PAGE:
These two things, happening together, are the expected readjustment to what you did with the breath. I think you will enjoy the results as you gain familiarity. For example, try some of your sirens...

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sws1:

What you have done is to reduce the exhalation force to better match the laryngeal muscular action. There are a few results of this, some of which you already know:

1) The open phase of the glottal motion is shortened. You use less air as a result

2) The CT has lessened its activity reflexively with the change in subglottic pressure, toward the 'lighter mass config' in response to your vocal concept.

These two things, happening together, are the expected readjustment to what you did with the breath. I think you will enjoy the results as you gain familiarity. For example, try some of your sirens...

 

Thanks.  I've been "accused" by several vocal teachers of "carrying too much weight up".  This, despite being able to get to high-C and a bit higher (sometimes).  Problem was I couldn't quite figure out exactly what that meant, and how to control. I knew when I was going for certain sounds, I could make that 'light-mass' sound on the high notes.  But I needed to find my way to do that much lower, particularly because in the passagio area, I was simply running out of breath and working harder than I knew I should for a non-belty song.  This definitely is a key revelation for me.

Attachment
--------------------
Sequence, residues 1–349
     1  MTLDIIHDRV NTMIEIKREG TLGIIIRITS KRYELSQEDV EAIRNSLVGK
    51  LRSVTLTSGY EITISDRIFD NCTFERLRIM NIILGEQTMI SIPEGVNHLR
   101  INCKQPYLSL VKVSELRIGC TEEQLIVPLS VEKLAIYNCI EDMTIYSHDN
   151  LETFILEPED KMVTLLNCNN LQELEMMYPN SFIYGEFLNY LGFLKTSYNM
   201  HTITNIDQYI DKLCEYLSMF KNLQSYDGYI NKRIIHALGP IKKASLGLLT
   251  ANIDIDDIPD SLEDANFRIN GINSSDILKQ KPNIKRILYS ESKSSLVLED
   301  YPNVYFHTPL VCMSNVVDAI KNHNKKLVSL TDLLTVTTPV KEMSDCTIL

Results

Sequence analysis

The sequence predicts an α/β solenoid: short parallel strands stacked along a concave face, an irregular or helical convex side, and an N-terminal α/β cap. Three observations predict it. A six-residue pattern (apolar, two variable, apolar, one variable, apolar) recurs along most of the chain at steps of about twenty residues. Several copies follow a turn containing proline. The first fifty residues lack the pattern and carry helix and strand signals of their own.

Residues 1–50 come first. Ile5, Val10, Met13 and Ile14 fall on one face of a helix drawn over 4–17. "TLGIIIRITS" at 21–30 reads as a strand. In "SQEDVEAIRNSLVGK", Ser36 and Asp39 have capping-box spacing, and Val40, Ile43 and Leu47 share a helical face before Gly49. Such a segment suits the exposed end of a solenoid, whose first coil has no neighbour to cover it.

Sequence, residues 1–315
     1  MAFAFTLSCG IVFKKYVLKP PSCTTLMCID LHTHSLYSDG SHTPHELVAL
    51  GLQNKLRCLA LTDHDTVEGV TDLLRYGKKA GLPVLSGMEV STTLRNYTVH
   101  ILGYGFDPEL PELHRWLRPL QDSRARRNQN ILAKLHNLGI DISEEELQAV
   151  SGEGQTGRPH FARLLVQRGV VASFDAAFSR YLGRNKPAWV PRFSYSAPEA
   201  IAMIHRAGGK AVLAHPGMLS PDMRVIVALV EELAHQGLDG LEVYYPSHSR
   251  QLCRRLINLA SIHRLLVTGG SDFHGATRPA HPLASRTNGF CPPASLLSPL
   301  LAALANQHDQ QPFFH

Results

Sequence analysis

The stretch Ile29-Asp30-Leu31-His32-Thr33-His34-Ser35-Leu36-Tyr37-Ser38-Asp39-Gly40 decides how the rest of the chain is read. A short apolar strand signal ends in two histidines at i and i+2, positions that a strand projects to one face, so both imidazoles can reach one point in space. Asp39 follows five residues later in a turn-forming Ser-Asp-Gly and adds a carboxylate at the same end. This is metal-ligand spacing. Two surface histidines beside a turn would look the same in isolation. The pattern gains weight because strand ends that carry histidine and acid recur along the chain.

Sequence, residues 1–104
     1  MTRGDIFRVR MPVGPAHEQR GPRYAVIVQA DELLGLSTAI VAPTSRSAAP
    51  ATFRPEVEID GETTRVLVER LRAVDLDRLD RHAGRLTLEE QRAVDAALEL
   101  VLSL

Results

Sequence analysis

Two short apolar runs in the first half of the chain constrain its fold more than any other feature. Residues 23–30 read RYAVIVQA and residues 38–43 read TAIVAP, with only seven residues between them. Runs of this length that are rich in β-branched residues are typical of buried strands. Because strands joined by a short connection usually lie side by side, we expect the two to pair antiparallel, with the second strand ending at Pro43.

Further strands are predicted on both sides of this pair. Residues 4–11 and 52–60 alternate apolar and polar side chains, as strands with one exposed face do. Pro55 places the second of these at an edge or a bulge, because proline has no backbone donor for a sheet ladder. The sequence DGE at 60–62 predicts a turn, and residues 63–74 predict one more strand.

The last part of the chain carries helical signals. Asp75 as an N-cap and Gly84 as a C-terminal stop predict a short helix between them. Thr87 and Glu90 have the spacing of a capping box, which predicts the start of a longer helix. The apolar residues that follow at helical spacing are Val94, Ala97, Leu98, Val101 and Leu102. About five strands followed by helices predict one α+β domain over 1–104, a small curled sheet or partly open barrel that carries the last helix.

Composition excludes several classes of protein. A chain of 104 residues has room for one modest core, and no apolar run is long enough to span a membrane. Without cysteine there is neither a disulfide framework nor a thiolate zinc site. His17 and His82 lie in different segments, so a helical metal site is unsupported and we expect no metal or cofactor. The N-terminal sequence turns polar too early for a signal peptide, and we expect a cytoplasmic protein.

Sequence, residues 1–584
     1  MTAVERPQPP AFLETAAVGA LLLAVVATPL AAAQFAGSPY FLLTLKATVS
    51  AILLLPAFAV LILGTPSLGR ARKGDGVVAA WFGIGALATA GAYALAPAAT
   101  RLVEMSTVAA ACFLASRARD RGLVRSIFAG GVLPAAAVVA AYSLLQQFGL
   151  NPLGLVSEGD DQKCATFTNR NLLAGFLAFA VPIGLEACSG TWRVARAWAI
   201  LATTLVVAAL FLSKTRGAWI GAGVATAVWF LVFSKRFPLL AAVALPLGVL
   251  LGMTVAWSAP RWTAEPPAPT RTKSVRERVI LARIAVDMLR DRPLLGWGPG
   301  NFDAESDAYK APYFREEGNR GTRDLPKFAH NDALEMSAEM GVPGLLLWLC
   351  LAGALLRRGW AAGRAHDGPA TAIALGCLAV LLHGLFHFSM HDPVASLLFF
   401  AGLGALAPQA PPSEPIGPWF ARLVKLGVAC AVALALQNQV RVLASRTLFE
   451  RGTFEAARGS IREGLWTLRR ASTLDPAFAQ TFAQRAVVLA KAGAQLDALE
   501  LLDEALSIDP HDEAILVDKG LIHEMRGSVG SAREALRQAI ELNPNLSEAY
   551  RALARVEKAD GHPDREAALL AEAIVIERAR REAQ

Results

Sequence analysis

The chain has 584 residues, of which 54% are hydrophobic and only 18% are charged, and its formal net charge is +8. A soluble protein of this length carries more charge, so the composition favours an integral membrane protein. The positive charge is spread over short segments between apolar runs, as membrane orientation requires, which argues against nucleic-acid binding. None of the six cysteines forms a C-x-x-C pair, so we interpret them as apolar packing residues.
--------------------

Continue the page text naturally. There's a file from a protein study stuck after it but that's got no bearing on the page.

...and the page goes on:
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  • 2 weeks later...

It really takes an amazingly small amount of air for the folds to function optimally. When there's too much, the false vocal folds automatically begin to constrict to counterbalance the excessive sub-glottal pressure so that the folds will be able to vibrate at the desired pitch.

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Respiration pressure is predicated on the sound color you want to create. Different sound colors, require different levels of respiration. I would focus on the sounds you want to make first and then let the required respiration for that sound color calibrate itself. Similar to what m.i.r. is saying, its a "feeling" and an intuition your body finds on its own, provided that your auditory imagery is focusing on the sound colors you want to make. Respiration will fall into place, where it needs to be, when you tune your sound color to what you want as an artist... but of course, provided that you are trained and have the strength and coordination to create the sound colors you want.